What a little night music can do for a place.
fallacies My little germ of an idea from yesterday has developed into one whopper of a core dump today. I've got enough material here for a logic textbook, and there seems to be no end in sight!

Some of my favorite ad-hominem-poisoning-the-well fallacies are shooting out in all directions on the wetheliving lists. I don't subscribe to Atlantis; the bits that people make me read are quite enough, speaking of bullshit (see "perl"). But OWL has gotten pretty wild now itself. When I moderate discussion lists, I simply don't publish fallacious arguments: they got sent back to the writer with instructions for revision.

This is the sort of thing that just a tiny bit of philosophy education teaches you: you don't make fallacious arguments, and when someone points out to you that you have committed a fallacy, you don't repeat the fallacy more loudly and augment it with more fallacies; you look it up, study it, make sure you never, ever do it again. Fallacious arguments are a scandalous embarrassment to philosophers, because they know they ought to know better, ought to have caught it.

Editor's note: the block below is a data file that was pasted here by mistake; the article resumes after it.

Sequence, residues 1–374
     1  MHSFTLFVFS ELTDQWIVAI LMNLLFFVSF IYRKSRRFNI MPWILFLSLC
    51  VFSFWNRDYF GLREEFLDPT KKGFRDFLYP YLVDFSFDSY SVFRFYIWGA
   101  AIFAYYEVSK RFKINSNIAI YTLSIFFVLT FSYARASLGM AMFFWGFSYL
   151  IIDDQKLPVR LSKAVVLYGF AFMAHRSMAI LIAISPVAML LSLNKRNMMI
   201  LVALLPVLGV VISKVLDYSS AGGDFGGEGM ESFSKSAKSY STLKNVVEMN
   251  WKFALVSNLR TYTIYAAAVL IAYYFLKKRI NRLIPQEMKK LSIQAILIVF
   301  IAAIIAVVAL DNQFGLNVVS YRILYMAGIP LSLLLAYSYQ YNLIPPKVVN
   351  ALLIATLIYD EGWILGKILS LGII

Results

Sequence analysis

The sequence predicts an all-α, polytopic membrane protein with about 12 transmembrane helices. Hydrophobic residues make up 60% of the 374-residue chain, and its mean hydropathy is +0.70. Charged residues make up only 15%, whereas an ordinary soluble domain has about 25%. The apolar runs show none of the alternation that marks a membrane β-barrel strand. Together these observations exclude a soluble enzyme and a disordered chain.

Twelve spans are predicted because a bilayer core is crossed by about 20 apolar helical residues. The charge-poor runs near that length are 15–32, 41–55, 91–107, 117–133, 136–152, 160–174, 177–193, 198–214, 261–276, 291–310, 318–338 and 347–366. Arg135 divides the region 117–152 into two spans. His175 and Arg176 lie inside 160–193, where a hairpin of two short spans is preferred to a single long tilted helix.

It's incredible to me--literally--that fallacious arguments are not only common among Objectivists, but shouted proudly and acceded to readily by listeners. I have to honestly look at reality and see that this is indeed happening despite my fondest whims to the contrary; but I can't help but hope that the smart people are just sitting at their computers, shaking their heads sadly, and hitting DELETE over and over, unable to bring themselves to walk out amongst wild animals who proudly proclaim that they cannot be reasoned with. You're out there somewhere, aren't you? Please, talk to me!

Some people respond to cogent arguments offered on OWL, by yelling more offensively and more loudly on ATL. How do insults win the case? Or is it that these people just can't distinguish anymore, between an insult and an argument?

It is shameful.

As if Objectivism didn't have enough obstacles to acceptance amongst real, respectable thinkers, we've got to go all over the internet bullying each other with fallacies that 100-level undergraduates are too embarrassed to commit.